Populations can replace themselves by having children (fertility) and through immigration. Here, we focus on fertility. A general rule is that women must have an average of 2.1 children to maintain the population, with the extra 0.1 owing to the fact that some children will not reach the age of procreation.
This GeoFRED map of the world shows how each country stands with respect to replacing itself. The color white indicates the country is below its replacement rate, light blue indicates pretty much the minimum replacement rate, and the darkening greens move up the fertility scale from there.
It’s not news that many Western industrialized nations have low fertility, which they compensate for with immigration. Poorer countries, as expected, have higher fertility. But there are a few cases that aren’t so well known. For example, some South American countries have low fertility, as does Thailand. Iran is a low-fertility country in between two high-fertility countries, Iraq and Afghanistan. These latter two countries tend to have net emigration, which is not surprising given the waves of conflict there, and thus their populations don’t increase as fast as their fertility would otherwise indicate. And then there’s Eastern Europe: very low fertility and net emigration, leading to substantial population loss.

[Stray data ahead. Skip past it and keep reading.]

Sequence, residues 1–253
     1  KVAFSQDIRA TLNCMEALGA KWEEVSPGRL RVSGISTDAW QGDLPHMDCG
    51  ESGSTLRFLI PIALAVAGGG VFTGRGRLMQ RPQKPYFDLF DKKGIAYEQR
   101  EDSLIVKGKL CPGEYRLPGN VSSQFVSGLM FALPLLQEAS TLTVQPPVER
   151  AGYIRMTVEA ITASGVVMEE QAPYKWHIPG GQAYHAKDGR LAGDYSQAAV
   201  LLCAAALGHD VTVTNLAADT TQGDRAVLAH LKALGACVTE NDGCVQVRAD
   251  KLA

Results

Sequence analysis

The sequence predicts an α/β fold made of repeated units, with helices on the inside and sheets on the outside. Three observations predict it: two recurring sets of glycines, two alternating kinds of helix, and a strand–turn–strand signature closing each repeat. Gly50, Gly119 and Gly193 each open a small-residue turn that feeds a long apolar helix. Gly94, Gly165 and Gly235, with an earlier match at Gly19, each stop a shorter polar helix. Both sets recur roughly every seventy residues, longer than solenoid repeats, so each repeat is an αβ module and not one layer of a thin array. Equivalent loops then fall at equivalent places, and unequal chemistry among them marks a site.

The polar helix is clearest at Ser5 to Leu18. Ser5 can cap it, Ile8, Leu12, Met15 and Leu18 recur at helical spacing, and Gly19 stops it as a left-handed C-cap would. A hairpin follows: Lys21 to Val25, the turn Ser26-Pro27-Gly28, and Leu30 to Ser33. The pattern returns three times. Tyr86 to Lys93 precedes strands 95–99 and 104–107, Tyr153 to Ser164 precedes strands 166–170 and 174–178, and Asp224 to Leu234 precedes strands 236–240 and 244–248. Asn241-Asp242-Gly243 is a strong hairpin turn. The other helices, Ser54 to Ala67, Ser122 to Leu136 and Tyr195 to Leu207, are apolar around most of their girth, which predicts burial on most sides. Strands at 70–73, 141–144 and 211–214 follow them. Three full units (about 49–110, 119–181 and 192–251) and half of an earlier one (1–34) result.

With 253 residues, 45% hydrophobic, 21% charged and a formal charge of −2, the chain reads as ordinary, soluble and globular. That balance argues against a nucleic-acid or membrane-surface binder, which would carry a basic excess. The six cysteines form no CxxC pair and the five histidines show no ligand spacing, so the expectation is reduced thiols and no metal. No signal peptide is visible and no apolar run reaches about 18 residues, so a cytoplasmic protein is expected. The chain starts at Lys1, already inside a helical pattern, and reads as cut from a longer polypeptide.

How this map was created: From GeoFRED, click on “Build New Map.” Under the “Tools” menu, enter “fertility” in the data search bar and select “fertility rate, total.” You can select your own color scheme (under “CHOOSE COLORS”) and your own range of values (under “EDIT LEGEND”).
Suggested by Christian Zimmermann.